Oust-Duterte rally: It’s time for People Power

The ‘macho-fascist’ regime of Rodrigo Duterte must go, cry activists.  Photos by Jimin Kim

By Jimin Kim

“We’ll be here rain or shine. Duterte must resign,” shouted the more than 100 people who protested under a heavy thunderstorm what they called the “macho-fascist” regime of Philippine President Rodrigo Duterte.

The rally was held in front of the Philippine Consulate building on Fifth Avenue on July 22, the day Duterte gave his fourth State of the Nation Address in the Manila.

Multiple rallies around the world were held simultaneously on that day. The activists in NYC voiced their grievances against the Philippines’s struggles with increased taxes on basic goods, restrictions on press freedoms, and his government’s war on drugs that has killed several thousands of Filipinos.

Queens resident AnneMarie is an executive committee officer of Anakbayan New York and a former coordinator of Malaya Movement. She criticized U.S. taxes she charged was funding the Duterte administration and his three-year war on drugs. According to a report by Amnesty International, Filipino authorities claim nearly 6,000 people have been killed so far in the drug war, a figure that has been questioned due a lack of transparency by the Philippine government.  

Protesting in her raincoat, AnneMarie spoke of the strife caused by family separation.  Half her family is in the Philippines. Some of her relatives were able to immigrate to the U.S. while others are economically unable to. “Someone needs to be in America to speak on behalf of the Filipino natives to let the American people know Americans are complicit in this,” she said.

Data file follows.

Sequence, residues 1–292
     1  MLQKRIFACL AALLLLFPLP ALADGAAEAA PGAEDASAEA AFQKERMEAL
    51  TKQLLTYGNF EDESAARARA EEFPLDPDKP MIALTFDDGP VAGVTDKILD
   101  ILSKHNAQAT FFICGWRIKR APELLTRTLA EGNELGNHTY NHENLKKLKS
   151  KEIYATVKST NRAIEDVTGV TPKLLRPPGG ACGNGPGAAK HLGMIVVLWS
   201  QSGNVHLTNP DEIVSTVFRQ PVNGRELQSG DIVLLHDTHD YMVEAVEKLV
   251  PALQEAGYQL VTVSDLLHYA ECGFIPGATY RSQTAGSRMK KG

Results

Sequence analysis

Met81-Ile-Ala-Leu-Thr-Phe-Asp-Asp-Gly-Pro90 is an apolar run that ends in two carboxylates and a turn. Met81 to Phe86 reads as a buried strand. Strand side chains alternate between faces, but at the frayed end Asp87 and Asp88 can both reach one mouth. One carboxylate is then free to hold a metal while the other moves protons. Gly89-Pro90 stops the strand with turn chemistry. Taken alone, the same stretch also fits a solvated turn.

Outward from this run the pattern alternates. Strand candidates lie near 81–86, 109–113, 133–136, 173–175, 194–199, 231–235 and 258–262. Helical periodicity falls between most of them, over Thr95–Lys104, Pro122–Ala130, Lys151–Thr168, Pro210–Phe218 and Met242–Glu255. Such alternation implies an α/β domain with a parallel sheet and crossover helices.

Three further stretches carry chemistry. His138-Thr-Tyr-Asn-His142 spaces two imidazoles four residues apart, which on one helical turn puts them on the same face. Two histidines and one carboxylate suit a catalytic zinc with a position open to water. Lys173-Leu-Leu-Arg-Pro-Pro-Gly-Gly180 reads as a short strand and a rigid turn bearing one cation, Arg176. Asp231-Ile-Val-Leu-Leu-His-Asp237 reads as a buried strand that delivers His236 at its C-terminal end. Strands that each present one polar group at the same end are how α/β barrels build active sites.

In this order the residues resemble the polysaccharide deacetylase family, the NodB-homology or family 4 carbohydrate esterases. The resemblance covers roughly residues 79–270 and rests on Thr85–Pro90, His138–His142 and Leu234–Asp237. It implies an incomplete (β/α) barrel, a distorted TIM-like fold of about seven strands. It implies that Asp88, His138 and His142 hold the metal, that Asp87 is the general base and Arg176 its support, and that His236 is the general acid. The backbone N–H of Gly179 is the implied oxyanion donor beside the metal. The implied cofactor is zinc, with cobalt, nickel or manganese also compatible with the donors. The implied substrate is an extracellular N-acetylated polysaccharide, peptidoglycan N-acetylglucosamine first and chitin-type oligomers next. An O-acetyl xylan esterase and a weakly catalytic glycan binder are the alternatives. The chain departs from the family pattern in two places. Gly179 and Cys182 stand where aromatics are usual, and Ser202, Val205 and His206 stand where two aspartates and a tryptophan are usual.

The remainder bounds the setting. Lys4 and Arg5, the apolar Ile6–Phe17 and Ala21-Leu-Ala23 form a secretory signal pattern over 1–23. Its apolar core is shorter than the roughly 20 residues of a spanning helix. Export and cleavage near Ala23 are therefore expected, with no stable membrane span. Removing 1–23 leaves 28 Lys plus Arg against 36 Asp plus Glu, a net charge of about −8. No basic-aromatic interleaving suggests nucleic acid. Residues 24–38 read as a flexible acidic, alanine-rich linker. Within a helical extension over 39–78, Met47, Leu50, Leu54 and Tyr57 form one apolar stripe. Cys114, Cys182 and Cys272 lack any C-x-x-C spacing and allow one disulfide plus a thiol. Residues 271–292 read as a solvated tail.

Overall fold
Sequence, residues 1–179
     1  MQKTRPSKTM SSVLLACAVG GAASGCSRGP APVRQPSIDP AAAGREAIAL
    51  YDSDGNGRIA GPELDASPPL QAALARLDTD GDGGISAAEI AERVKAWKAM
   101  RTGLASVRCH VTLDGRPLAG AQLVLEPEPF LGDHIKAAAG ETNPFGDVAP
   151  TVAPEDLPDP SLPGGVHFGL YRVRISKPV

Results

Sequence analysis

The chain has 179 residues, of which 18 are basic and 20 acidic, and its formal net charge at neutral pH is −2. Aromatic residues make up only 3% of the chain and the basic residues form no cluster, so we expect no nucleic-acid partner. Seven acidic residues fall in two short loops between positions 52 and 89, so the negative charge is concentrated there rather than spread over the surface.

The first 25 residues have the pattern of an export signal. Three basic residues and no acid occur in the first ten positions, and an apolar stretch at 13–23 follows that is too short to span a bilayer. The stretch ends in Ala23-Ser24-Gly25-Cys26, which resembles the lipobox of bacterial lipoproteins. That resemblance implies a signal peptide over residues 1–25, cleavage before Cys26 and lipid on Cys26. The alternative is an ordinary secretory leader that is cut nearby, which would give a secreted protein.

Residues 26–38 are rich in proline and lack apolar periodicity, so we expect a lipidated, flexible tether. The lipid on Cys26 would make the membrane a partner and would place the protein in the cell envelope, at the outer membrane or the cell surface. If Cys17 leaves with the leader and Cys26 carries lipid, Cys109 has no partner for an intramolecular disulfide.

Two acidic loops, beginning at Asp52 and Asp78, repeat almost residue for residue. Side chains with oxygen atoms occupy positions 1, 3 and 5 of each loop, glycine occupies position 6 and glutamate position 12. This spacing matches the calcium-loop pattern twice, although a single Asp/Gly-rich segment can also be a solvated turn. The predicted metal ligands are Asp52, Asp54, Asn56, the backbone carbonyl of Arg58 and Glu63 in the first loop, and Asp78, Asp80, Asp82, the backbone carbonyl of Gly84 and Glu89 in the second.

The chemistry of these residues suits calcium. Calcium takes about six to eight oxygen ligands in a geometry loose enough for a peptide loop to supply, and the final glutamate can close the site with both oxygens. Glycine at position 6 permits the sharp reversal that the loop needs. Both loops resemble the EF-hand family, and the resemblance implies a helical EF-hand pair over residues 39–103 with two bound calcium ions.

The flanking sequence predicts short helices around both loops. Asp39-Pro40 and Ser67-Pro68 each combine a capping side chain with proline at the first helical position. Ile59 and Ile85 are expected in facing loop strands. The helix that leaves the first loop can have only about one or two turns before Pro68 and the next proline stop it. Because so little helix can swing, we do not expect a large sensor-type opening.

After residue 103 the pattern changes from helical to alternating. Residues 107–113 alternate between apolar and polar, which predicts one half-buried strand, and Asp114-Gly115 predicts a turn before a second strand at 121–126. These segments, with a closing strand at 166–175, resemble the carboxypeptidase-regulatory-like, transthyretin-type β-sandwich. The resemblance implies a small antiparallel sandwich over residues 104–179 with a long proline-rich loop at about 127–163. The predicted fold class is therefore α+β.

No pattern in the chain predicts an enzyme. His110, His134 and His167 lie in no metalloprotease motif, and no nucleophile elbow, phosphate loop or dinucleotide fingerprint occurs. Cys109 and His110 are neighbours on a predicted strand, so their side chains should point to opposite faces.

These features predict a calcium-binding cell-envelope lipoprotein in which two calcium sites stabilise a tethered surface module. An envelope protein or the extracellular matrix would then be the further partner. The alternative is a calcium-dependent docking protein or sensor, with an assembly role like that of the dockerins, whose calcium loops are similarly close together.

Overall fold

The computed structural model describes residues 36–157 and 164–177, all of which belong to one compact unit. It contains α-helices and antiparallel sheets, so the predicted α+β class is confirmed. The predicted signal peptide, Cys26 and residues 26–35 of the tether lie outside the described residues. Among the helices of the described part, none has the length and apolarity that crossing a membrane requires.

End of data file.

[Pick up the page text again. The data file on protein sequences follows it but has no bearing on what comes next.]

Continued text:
Chelsea, Manhattan resident Benjamin, a member of Anakbayan New York, was born in California. His dad came to America to look for work like the thousands of Filipinos leaving their country every day to find better opportunities for their families. He said being an activist is his way of giving back to his roots. “Personally I’m angered by the levels of oppression that exist in the Philippines by the hierarchy that exists there. I know people personally whose families are being affected by the extrajudicial killings.”

AnneMarie said, “Every time we come here and put our bodies on the line in the United States, it’s a message to the Filipino people who are struggling day to day to make their ends meet.” More photos here.

Benjamin stands next to a mural the activists made to criticize Philippine-U.S.-China relations.
AnneMarie, left, says mobilizing grassroots rallies will create positive change in the Philippines.  
Among the speakers was Luis Francia, a journalist, poet and an Asian American Studies professor at Hunter College.
CEO and community leader Loida Nicolas Lewis. She has been accused by the Philippine government of being behind the move to have Duterte investigated by the International Criminal Court, an allegation she has always denied.

© The FilAm 2019

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